Your car, “Old Faithful,” is paid off or almost paid off. You toy with the idea of buying a new one, but would really like to keep using that monthly money for other things. You like the look and smell of a new vehicle, we all do, but does anyone really like the payments that come with it? In today’s economy, people are thinking twice before financing a new vehicle that they may be able to do without until times are more stable. Taking better care of your current car definitely makes a difference in the long run when it comes to your finances.
“We advise our clients that if they want a 10 percent increase on their investments every year, they need to cut down on their expenses. A new automobile is, for most people, their second biggest investment next to a home, so a great way to save money and increase financial assets is to hang onto their current vehicle rather than buy a new one every few years. Budgeting for and doing preventative maintenance on your car is one of the best ways to cut your costs and keep your car.”
~Terry Mulcahy, Vice President of Investments for R.W. Baird
The Car Care Council estimates that over $60 billion each year that should be going to vehicle maintenance is not being spent! This tells us that consumers are not protecting their investment, and more importantly that there are a lot of unsafe vehicles on our nation’s highways. We’ve all driven behind a car spewing black smoke as it meanders down the expressway. It isn’t pleasant for the rest of us sharing the road, and it’s bad for the environment — plus we know a costly repair is in their future if they don’t take care of the problem right away.
Quarterly preventative maintenance and the occasional repair costs so little when it’s compared to monthly payments on a brand new car. A maintained car saves you money on gasoline, too! It is more reliable and more valuable than when you decide to get a new car. Not only does preventative maintenance benefit you financially, it’s a great way to have a “greener” car without the expensive car payment to go with it. When your car is paid off, it is in what we call the “Cinderella Era,” which is when your car becomes an asset to you if you keep up with the routine maintenance and repairs.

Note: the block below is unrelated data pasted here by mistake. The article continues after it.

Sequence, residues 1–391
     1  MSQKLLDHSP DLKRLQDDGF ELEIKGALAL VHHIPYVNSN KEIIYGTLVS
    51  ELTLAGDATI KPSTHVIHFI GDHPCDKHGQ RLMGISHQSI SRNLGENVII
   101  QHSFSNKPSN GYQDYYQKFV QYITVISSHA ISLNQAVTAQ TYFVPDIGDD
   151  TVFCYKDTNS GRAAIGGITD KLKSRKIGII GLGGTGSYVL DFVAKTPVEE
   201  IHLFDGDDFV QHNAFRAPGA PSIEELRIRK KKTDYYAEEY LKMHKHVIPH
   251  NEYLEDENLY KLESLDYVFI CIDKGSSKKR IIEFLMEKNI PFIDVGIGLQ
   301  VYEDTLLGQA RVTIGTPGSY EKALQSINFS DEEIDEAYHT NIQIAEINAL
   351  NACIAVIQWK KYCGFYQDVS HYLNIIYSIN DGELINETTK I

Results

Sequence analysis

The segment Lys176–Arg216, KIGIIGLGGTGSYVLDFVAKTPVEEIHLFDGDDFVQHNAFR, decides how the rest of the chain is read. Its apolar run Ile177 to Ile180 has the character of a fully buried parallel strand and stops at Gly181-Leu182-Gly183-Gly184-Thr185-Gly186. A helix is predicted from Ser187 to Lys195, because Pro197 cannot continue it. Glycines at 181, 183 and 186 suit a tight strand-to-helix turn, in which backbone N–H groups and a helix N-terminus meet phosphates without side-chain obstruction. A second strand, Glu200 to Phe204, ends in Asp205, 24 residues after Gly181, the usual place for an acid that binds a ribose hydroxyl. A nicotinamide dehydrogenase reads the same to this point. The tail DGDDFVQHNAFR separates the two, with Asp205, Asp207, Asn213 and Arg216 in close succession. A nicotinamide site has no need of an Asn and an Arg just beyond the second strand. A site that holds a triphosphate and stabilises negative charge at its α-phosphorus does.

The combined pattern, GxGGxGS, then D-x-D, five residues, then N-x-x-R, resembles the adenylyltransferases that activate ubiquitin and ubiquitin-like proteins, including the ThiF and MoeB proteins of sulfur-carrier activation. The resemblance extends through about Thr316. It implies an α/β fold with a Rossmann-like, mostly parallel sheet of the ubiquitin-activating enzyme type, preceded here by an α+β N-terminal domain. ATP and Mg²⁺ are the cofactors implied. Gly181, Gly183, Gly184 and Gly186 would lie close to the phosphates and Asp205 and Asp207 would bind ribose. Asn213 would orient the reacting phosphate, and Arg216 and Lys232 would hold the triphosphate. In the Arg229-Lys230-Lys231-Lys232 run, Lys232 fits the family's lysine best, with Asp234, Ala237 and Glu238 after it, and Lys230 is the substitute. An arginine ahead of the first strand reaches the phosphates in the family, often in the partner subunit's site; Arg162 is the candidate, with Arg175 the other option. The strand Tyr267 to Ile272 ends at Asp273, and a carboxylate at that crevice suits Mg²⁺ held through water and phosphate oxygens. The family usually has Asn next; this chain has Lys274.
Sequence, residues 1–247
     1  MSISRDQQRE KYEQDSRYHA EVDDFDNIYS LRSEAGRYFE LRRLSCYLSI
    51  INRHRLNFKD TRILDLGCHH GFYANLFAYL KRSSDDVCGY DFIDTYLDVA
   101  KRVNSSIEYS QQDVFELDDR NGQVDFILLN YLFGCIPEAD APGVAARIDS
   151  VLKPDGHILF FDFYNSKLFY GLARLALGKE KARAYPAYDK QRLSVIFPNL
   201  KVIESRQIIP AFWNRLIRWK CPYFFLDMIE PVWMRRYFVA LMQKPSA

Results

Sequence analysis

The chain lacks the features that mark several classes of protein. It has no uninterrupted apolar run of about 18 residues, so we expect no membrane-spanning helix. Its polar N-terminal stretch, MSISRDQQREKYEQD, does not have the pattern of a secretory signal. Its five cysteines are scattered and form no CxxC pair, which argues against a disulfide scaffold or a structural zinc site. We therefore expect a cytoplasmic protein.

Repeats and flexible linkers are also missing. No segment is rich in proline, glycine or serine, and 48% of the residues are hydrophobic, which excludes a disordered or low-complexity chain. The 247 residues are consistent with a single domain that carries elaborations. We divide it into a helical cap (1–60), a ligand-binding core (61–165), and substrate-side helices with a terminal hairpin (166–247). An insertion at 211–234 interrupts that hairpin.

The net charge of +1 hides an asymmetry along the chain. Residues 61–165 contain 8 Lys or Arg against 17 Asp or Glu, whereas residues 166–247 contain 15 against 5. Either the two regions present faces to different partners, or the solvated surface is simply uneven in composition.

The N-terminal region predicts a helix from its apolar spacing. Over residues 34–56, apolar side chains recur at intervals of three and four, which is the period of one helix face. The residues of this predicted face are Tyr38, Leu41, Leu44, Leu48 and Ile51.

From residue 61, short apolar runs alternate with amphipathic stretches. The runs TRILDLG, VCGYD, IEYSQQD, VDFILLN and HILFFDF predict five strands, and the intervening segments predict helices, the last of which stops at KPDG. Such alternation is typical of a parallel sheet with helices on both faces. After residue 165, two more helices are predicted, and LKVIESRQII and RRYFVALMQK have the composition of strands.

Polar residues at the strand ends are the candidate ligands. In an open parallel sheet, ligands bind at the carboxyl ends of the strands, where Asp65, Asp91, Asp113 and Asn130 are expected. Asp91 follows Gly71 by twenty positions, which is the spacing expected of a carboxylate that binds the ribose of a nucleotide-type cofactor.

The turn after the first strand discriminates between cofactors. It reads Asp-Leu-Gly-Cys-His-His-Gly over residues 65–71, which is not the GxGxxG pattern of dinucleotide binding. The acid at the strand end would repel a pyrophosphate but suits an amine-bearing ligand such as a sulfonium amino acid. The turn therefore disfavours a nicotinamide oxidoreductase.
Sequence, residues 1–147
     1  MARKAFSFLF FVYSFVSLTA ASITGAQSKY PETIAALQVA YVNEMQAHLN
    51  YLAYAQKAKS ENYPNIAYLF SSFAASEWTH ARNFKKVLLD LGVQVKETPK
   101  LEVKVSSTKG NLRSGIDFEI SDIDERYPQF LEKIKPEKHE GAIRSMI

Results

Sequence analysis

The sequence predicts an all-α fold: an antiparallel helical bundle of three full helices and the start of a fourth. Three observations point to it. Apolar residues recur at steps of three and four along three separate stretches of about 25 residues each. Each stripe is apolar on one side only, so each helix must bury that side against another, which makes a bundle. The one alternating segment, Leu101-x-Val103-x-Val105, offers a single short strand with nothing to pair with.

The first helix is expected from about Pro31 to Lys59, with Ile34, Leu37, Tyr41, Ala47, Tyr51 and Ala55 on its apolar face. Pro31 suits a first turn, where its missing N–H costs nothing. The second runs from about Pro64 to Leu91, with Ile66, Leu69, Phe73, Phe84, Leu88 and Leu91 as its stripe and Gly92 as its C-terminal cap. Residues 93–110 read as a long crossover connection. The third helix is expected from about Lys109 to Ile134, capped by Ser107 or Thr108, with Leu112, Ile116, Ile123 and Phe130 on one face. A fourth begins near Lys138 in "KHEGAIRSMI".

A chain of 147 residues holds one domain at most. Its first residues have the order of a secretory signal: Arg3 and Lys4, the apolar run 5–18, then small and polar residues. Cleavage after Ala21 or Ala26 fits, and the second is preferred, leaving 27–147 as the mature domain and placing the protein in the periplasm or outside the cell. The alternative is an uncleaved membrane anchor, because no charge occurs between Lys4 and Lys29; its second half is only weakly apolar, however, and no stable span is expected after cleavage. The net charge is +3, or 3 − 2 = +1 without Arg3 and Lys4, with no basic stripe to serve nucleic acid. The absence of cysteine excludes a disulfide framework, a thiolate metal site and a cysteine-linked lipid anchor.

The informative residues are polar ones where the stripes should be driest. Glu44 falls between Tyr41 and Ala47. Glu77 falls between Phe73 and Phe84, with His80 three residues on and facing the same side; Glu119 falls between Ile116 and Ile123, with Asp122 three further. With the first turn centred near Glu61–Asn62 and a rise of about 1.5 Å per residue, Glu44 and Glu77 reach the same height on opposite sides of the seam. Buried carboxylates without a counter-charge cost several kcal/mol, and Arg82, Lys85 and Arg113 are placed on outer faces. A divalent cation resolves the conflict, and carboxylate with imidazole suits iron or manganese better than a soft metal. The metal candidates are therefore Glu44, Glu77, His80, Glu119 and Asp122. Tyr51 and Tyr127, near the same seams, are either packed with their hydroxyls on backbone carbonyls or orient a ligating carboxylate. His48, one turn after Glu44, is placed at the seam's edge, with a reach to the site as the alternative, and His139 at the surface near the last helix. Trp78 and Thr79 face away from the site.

A Runzheimer International study shows that trading a vehicle every eight years instead of every four can save more than $2,481.75 a year after the payoff. That includes repairs and maintenance, license, registration, taxes and insurance. In this economy, that is good news! If dollars and cents are as important to you right now as they are to most of us, take care of “Old Faithful” and “Old Faithful” will be there for you!
Please call us with any questions at 860-246-2715.
Motor oil is often referred to as the lifeblood of our vehicles. It performs many important functions.
• It acts as a lubricant for the engine parts.
• It helps protect the emission system.
• It provides enhanced fuel economy.
If you’ve ever taken the time to peruse the array of oils available today at an auto supply store, it can be overwhelming, and if you choose the wrong oil, it can have consequences. It can even damage your car’s engine over time. If you are a person who changes their own oil, always check your owner’s manual before you proceed and make sure you have purchased the correct oil for your particular type of vehicle.
There are three types of motor oil:
• Conventional (75 – 80% of refined crude oil)
• Full Synthetic (Standard base plus additives)
• Synthetic Blend (Conventional and Synthetic)
Then there are additives, such as detergents to keep the high-temperature surfaces clean and antioxidants that prevent oxidation and keep the engine oil from thickening. Additives also capture dirt and other contaminants to prevent build up on engine parts. There are even special oils just for high-mileage vehicles that have a conditioning component for the seals to prevent leakage.
The American Petroleum Institute classifies motor oil by viscosity. Using the correct viscosity of oil is vitally important to get the most benefit for your engine type. Viscosity refers to the motor oil’s weight, and on the container, “W” stands for weight. If you live in a warmer climate, you will need different weight oil than those living in colder climates.
Motor oil is and has always been the life blood of your vehicle’s engine. Getting the correct oil is crucial to keep your vehicle’s engine running well for years to come. When we service your vehicle, you can rest assured that we always use the correct oil.
The Real Cost of Ownership
Taking a look at a 2013 study provides some eye-opening data that may make you think twice about the kind of car you own, your driving habits, and whether you should shop around for auto insurance or the lowest gas prices.